Figure 01.jpg


If I wanted to find all matches for the letters ‘in’ followed by some other character, then I would enter the command “grep ‘in.’ grephelp.txt”.

You can also search for more than one single character by placing more than one period. For example, the command “grep ‘in..’ grephelp.txt” would find words like ‘lines’, ‘line’, ‘binary’, ‘invocation’, etc.

You can take this previous search and type the command “grep ‘ing*’ grephelp.txt”. Notice how it finds strings with ‘in’, ‘ing’ and ‘ingg’. Try the regex ‘in*’ and see how it finds ‘i’, ‘in’ and ‘inn’.

What if I wanted to make a group of two words to search for in a file? If I wanted to search for the words ‘before’ and ‘after’ then I would use the command “grep ‘\(before\|after\)’ grephelp.txt”. Lets’ look a the regex expression and see what is going on here. The regex expression is ‘\(before\|after\)’. You need to ‘escape’ the characters ‘(‘, ‘|’ and ‘)’. The expression is showing that we are looking for the word ‘before’ or ‘after’. The pipe ‘|’ here is used to represent ‘or’.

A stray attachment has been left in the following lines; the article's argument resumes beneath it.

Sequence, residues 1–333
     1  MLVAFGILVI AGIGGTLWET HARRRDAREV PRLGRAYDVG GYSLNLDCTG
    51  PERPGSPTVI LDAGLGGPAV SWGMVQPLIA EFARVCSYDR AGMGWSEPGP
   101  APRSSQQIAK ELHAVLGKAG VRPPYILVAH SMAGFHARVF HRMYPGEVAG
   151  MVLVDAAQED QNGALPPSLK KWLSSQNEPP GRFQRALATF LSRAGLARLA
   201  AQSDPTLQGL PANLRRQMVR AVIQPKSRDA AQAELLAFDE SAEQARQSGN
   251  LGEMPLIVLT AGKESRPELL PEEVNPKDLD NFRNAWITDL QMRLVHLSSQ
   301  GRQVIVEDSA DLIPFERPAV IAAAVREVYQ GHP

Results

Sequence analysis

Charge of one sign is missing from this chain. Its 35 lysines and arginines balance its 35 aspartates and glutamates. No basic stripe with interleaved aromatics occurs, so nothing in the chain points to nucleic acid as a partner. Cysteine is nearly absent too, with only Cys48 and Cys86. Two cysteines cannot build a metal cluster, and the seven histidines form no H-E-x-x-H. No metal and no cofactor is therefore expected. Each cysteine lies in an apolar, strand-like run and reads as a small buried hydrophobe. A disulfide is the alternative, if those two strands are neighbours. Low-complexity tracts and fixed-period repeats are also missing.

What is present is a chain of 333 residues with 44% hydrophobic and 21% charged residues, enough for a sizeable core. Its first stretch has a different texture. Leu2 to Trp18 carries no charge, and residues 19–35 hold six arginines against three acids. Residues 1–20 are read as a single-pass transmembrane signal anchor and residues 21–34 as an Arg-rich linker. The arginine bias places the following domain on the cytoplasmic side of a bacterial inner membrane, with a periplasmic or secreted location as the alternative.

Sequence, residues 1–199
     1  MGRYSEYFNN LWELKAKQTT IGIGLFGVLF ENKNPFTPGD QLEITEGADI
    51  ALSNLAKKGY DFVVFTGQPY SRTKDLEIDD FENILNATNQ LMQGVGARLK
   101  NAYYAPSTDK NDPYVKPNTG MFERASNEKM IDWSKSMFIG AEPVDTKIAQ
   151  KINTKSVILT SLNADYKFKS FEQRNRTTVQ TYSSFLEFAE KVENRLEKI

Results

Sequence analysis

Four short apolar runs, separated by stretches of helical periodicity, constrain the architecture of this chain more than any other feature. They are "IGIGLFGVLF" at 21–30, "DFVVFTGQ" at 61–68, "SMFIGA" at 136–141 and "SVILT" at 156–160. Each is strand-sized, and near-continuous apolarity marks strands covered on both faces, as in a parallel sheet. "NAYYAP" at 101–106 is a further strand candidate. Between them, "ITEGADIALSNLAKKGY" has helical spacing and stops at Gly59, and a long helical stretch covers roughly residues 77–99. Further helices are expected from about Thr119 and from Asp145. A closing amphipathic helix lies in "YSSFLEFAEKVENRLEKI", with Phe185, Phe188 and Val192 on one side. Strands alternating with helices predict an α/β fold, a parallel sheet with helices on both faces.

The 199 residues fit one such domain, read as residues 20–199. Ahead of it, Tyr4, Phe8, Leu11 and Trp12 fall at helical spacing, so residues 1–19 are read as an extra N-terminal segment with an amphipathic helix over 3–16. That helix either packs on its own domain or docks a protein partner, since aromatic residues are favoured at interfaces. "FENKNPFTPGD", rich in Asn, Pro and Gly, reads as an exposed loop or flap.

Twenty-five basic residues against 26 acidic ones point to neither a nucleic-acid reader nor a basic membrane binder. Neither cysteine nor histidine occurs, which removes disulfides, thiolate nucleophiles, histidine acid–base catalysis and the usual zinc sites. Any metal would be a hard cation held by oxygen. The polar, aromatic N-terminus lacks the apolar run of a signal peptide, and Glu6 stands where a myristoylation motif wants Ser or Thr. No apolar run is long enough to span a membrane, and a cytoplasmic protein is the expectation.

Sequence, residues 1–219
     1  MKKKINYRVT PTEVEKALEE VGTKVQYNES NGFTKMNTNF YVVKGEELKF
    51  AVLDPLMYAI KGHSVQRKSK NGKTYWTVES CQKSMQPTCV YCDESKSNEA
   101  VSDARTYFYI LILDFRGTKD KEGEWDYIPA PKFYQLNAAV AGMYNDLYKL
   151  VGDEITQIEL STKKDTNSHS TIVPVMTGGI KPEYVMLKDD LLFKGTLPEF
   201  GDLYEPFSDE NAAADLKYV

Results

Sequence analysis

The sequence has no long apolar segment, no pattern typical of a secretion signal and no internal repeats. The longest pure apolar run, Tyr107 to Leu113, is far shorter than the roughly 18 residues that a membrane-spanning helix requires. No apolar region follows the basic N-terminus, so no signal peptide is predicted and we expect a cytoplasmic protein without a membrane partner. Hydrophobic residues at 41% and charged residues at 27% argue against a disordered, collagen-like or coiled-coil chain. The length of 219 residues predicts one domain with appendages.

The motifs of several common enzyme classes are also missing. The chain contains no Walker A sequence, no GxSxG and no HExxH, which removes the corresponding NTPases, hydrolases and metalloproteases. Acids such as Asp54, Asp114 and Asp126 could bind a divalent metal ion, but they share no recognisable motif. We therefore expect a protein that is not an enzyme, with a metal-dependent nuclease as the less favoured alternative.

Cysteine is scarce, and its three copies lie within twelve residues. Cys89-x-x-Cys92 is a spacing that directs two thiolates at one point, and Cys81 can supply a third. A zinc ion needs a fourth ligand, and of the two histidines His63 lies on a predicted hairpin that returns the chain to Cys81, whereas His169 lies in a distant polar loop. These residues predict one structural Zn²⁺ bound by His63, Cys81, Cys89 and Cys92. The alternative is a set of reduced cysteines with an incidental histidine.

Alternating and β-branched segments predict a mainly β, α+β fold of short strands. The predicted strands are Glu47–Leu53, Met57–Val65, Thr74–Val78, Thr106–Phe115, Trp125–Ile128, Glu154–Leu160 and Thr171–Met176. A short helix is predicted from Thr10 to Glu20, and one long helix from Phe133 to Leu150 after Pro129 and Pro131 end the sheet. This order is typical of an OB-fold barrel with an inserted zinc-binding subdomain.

If I wanted to search for the words ‘matching’ and ‘matches’ I would start with the same base word of ‘match’ and add on either ‘ing’ or ‘es’ as shown in the command “grep 'match\(ing\|es\)' grephelp.txt”. The output is shown in Figure 2. More items can be added to the group to make more search items. Remember that anything before the parenthesis will be added to the items in the group to make longer search strings.

Figure 02.jpg

Figure 2


The Anchor is a character used to specify a specific location. There are two Anchors to keep in mind.

The first Anchor is the ‘^’ which signifies the beginning of a line.

The second Anchor is the ‘$’ which denotes the end of the line.

With the Anchors we can ‘anchor’ our search to either the beginning or ending of a line.

Anchor Examples